SpaceX got $2.6 billion in government funding to design and build the human-rated Crew Dragon spacecraft, and Boeing received a similar $4.2 billion deal for its Starliner spacecraft.
Both programs ran into delays, but SpaceX launched its first astronaut mission for NASA in May 2020, ending a nearly nine-year gap in U.S. orbital crew launches since the retirement of the space shuttle.
Boeing’s Starliner program, on the other hand, still has not flown into space with a crew.
SpaceX has launched four Crew Dragon missions to date, all under contract to NASA. Three of the missions have carried astronauts to the space station.
One of the Crew Dragon missions is still docked at the space station and is scheduled to return to Earth with four astronauts in November, making Inspiration4 the third Dragon flight to return to Earth with human passengers.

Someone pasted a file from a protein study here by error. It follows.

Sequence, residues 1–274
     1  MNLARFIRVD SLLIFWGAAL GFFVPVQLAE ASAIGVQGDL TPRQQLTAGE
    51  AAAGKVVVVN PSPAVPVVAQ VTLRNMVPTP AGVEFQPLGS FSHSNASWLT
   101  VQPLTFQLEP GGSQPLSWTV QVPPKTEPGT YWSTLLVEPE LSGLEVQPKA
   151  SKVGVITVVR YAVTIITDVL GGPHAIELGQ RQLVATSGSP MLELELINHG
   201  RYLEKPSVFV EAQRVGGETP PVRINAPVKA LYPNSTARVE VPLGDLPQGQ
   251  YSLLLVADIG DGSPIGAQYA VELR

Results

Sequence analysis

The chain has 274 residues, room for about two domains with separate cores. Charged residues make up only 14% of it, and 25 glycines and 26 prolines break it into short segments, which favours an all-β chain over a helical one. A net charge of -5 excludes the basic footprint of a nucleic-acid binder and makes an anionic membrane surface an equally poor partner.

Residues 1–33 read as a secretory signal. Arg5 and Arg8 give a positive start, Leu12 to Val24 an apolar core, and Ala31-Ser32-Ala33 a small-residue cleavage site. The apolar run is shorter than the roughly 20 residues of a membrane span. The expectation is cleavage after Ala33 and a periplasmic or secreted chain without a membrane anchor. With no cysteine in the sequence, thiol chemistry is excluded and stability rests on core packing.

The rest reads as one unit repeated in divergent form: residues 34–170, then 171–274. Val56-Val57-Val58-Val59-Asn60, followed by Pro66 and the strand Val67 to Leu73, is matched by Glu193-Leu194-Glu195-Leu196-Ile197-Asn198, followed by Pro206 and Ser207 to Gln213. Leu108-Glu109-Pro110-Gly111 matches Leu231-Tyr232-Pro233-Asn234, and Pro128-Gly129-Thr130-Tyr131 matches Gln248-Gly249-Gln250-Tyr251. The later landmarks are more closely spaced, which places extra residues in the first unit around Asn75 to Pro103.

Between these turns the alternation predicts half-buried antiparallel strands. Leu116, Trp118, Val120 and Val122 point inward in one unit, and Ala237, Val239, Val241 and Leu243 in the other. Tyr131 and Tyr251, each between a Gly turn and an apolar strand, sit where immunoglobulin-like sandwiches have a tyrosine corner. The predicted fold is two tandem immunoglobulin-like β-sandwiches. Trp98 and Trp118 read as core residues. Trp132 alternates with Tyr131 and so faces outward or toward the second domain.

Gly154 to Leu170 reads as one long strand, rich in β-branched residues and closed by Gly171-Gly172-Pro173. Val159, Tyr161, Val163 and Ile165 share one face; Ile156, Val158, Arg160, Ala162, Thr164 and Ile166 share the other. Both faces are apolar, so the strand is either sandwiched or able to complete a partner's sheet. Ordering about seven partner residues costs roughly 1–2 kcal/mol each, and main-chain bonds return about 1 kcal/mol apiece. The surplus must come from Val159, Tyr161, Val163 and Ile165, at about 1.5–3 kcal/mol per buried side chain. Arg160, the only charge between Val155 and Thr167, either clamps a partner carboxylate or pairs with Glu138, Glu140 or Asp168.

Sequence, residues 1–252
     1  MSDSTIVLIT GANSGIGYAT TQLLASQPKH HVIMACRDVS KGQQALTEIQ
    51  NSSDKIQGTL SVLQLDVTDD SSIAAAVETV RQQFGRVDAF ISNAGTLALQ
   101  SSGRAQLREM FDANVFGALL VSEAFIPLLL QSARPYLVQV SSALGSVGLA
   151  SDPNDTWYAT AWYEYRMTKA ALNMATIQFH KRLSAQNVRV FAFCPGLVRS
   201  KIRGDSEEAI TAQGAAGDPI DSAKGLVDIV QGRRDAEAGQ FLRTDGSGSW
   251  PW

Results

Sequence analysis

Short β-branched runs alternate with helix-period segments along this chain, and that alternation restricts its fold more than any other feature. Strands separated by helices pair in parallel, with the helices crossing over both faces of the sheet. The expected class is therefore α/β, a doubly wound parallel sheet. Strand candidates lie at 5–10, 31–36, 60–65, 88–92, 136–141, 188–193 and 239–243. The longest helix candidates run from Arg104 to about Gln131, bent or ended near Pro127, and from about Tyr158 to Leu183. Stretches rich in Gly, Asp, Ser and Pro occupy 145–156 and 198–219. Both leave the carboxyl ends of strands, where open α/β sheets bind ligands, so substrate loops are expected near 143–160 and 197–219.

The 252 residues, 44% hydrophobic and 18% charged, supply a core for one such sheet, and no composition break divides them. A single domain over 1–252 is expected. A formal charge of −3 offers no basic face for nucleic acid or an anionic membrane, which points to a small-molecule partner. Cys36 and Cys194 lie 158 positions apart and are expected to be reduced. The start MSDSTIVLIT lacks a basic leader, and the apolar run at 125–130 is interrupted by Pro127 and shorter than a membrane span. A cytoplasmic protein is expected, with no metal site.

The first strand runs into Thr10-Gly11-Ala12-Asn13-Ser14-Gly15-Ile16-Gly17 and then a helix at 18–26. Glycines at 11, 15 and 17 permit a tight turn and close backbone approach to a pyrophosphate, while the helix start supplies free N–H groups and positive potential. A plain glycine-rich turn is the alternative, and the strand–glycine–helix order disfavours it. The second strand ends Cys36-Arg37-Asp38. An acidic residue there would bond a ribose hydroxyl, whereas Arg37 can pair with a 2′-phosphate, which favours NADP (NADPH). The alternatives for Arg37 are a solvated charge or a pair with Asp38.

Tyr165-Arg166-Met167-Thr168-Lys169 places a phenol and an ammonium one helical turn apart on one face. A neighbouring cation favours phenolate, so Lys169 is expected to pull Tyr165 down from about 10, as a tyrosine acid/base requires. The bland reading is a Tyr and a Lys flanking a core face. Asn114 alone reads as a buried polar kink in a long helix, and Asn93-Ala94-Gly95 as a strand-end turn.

After launching on top of a Falcon 9 rocket Wednesday night, the Crew Dragon capsule climbed into an orbit stretching as high as 366 miles (590 kilometers) above Earth, higher than anyone has flown since a space shuttle servicing mission to the Hubble Space Telescope some two decades ago.
The crew members participated in a question-and-answer session with patients at St. Jude Children’s Research Hospital. Isaacman, 38, conceived of the mission, in part, to raise money and awareness for St. Jude.
Isaacman established four pillars, or values, for the mission, with each seat representing one pillar.
“We set out from the start to deliver a very inspiring message about what can be done up in in space and the possibilities there, but also what we can accomplish here on Earth,” Isaacman said in a press conference before launch.
Isaacman said he chose four mission pillars — leadership, hope, prosperity, and generosity — “to assemble a very inspiring crew, who all have so many amazing qualities and contribute so many interesting firsts of this mission.